Kate BEYNON, Excuse Me! Enlarge 1 /1

Kate BEYNON

Hong Kong born 1970

  • Australia from 1974

Excuse Me! 1997 Place made: Melbourne, Victoria, Australia
Materials & Technique: sculptures, installation, chenille sticks

Dimensions: 250.0 h x 350.0 w cm
Acknowledgement: The Rotary Collection of Australian Art, 1998
Accession No: NGA 98.18
Image rights: Kate Beynon represented by Sutton Gallery, Melbourne/ Courtesy Sutton Gallery, Melbourne

The work Excuse Me! was created for the exhibition Blackphoenix with Michael Pablo, at Melbourne’s First Floor Artist & Writer’s Space in 1997. This exhibition explored issues relating to cultural identity and ‘miscegenation’ – people of ‘mixed race’ – which referred to our own mixed heritages and migrant experiences living in Australia.

Excuse Me! is made entirely from chenille sticks, a craft material also known as pipe-cleaners. I used black chenille sticks to form the wall-drawing, which depicts a crowd of Asian cartoon-like figures standing together. Within the wall-drawing are the shapes of cartoon speech bubbles, containing Chinese calligraphic text with western punctuation such as exclamation and question marks. Here, I twisted thick red chenille sticks to mimic inky painted brushstrokes. The wall-drawing and characters are pinned directly onto the gallery wall, creating a kind of 3D drawing effect, with the shadows adding depth.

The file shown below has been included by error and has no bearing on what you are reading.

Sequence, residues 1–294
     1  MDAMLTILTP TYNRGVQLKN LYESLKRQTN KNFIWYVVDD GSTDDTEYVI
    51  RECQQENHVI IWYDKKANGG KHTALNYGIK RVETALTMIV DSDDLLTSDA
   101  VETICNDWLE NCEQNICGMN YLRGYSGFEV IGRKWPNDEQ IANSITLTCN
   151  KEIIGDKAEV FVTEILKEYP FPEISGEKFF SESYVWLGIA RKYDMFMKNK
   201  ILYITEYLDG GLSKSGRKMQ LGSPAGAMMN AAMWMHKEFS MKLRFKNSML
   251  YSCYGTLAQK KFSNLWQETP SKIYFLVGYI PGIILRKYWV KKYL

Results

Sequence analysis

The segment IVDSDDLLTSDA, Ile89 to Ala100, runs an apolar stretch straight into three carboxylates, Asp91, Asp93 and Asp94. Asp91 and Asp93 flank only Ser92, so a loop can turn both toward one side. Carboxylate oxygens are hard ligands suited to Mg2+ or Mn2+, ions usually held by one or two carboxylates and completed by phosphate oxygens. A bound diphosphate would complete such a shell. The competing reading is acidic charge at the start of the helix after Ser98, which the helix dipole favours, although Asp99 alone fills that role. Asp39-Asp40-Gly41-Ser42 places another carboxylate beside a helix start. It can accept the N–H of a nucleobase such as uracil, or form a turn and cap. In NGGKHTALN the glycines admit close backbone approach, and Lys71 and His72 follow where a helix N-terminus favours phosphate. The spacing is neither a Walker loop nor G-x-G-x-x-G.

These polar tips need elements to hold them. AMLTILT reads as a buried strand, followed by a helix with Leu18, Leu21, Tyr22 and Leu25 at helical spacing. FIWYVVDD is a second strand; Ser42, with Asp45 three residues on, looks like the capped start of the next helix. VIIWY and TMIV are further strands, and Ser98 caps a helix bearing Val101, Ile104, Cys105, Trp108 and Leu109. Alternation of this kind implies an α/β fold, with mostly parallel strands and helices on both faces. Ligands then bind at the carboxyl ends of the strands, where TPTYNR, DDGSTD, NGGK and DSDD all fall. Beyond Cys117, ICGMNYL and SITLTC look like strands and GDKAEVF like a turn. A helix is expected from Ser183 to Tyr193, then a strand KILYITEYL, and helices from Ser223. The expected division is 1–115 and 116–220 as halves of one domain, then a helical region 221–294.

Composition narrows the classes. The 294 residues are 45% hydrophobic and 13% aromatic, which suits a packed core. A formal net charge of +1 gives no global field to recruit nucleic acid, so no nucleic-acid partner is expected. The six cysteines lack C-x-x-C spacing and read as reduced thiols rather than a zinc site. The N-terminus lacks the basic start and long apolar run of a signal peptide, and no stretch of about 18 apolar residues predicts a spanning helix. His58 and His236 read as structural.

The text in each bubble forms an expression or question from a  Chinese/English travellers’ phrasebook, which I had used on my trip to Beijing where I went to study language in 1995.

In Excuse Me! the crowd of people confronts the viewer with questions such as ‘How do you do?’, ‘Where are you from?’ and ‘What is your name?’ – basic phrasebook expressions which also echo cultural interrogation.

My work continues to deal with and explore themes arising from issues of cultural identity and politics, migration, ‘multiculturalism’ and racism, within an Australian context. The style of my work reflects a hybrid of influences from both eastern and western, traditional and contemporary art forms –such as Chinese calligraphy and traditional Chinese art, cartoon and comic book graphics, animation, and graffitti art.

Kate Benyon, 2002  


Text © National Gallery of Australia, Canberra 2010
From: Anne Gray (ed), Australian art in the National Gallery of Australia, National Gallery of Australia, Canberra, 2002